Category Archives: Definitions

What means sensitivity in pharmacology? Definition

The following pharmacological definition has been taken from the Pharmacology and Experimental Therapeutics Department Glossary at Boston University School of Medicine.

Sensitivity:

The ability of a population, an individual or a tissue, relative to the abilities of others, to respond in a qualitatively normal fashion to a particular drug dose. The smaller the dose required to produce an effect, the more sensitive is the responding system. A patient would be considered abnormally sensitive to aspirin if a small fraction of the normal analgesic dose gave adequate pain relief; or, were an abnormally large dose of aspirin required to afford pain relief, the subject would be said to be “insensitive” to aspirin. Conversely, the drug would appear to be extraordinarily potent or impotent in such a patient. If a patient manifested an allergic response after raking aspirin, he would be considered hypersensitive to aspirin, regardless of whether the aspirin afforded him relief from pain, and regardless of the size of the dose required to elicit the allergic response. Such a patient might be simultaneously hypersensitive to aspirin, and insensitive to aspirin, acting as an analgesic agent.

Every subject is sensitive to a drug; the question of importance is “how sensitive?” In any event sensitivity is a property ascribed to the organism; potency is a property ascribed to the drug. Hypersensitivity is a property ascribed to a subject in a particular immunologic state.

Sensitivity may be measured or described quantitatively in terms of the point of intersection of a dose-effect curve with the axis of abscissal values or a line parallel to it; such a point corresponds to the dose just required to produce a given degree of effect (see Threshold”). In analogy to this, the “sensitivity” of a measuring system is defined as the lowest input (smallest dose) required to produce a given degree of output (effect).

The copyright of the text is hold by Trustees of Boston University. Permission has been granted for its use in this blog.

Definition: latent period or latency after drug administration

The following pharmacological definition has been taken from the Pharmacology and Experimental Therapeutics Department Glossary at Boston University School of Medicine. Latent Period or Latency: The period of time that must elapse between the time at which a dose of drug is applied to a biologic system and the time at which a specified pharmacologic…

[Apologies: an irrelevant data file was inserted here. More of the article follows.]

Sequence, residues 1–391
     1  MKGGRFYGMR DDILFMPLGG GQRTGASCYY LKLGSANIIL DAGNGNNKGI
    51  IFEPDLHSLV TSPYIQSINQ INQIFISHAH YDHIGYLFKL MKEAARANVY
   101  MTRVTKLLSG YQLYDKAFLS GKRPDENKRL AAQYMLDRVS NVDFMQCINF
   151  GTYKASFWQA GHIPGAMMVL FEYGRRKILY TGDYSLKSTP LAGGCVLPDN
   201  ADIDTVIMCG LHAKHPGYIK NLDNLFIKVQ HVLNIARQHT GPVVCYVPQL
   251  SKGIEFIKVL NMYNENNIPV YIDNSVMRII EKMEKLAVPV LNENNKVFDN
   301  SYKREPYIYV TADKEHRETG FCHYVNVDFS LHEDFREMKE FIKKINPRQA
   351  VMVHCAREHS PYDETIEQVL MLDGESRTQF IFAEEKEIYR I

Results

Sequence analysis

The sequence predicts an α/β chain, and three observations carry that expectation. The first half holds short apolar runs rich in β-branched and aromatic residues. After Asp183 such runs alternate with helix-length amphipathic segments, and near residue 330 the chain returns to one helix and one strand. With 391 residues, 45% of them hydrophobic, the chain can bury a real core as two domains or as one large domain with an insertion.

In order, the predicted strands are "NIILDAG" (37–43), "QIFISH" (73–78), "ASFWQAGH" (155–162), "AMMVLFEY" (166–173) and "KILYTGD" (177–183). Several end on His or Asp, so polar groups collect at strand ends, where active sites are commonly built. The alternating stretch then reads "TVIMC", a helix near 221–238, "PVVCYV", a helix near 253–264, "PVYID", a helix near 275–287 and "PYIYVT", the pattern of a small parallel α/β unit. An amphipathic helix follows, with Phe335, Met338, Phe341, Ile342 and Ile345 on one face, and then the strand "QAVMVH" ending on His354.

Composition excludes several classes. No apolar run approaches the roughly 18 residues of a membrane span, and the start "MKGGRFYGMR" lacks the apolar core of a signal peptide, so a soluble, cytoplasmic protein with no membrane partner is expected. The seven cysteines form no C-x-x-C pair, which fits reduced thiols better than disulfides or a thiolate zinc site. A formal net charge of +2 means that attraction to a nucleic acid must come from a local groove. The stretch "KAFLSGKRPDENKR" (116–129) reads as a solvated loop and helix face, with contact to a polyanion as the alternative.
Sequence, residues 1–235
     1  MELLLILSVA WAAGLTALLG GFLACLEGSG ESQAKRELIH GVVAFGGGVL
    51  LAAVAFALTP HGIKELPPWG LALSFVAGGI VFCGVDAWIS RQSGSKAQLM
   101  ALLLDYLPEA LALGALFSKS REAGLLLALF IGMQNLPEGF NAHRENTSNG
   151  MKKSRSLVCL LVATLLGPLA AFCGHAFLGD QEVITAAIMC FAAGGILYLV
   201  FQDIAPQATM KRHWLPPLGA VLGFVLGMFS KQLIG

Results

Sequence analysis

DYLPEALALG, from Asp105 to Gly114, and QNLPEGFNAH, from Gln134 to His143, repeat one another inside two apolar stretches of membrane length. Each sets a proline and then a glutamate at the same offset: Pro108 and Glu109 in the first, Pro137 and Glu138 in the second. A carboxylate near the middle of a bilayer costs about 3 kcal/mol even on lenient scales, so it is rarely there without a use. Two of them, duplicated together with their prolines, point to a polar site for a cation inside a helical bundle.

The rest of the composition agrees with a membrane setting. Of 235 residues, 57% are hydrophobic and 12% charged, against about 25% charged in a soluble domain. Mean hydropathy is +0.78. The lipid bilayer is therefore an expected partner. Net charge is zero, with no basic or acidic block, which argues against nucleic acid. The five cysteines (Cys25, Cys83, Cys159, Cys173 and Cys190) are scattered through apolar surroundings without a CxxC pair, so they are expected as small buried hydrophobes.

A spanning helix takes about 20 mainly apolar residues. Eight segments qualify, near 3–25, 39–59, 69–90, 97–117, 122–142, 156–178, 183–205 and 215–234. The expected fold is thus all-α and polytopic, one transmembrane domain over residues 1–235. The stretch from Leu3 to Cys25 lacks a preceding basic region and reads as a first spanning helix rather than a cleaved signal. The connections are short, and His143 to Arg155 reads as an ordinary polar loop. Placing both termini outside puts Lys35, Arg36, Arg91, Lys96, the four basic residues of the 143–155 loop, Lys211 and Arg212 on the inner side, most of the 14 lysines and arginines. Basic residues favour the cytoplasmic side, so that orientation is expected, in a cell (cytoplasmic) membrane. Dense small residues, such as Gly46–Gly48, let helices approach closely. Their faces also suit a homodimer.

Infusion kinetics definition

The following pharmacology definition has been taken from the Pharmacology and Experimental Therapeutics Department Glossary at Boston University School of Medicine. Infusion Kinetics: Infusion, as a means of drug administration, involves an effectively continuous flow of a drug solution into the blood stream over a relatively long period of time. (Intravascular injections are separate administrations…Continue Reading

Elimination rate constant (kel) definition

The following pharmacology definition has been taken from the Pharmacology and Experimental Therapeutics Department Glossary at Boston University School of Medicine. kel: The “elimination rate constant” for a drug eliminated according to the laws of first-order reaction kinetics; the slope of the plot of the logarithm of concentration against time, when natural logarithms, i.e. logarithms…

Equivalence definition in pharmacology: three kinds of equivalence

The following pharmacology definition has been taken from the Pharmacology and Experimental Therapeutics Department Glossary at Boston University School of Medicine. Equivalence: In 1969, a federal Task Force on Prescription Drugs recommended that the words “generic equivalents” no longer be used in describing and comparing drug preparations. The Task Force recommended that an appropriate nomenclature…Continue Reading

Potency of a drug. Equipotent drug definition

The following pharmacology definition has been taken from the Pharmacology and Experimental Therapeutics Department Glossary at Boston University School of Medicine. Equipotent: Equally potent, or equally capable of producing a pharmacologic effect of a specified intensity. The masses of the drugs required to produce this degree of effect may be compared, quantitatively, toContinue Reading

Dose response curve definition in plain english.

An explanation in plain english of the dose-response curves, by the National Institute of General Medical Sciences: One of the most important principles of pharmacology, and of much of research in general, is a concept called “dose-response.” Just as the term implies, this notion refers to the relationship between some effect—let’s say, lowering of blood…Continue Reading

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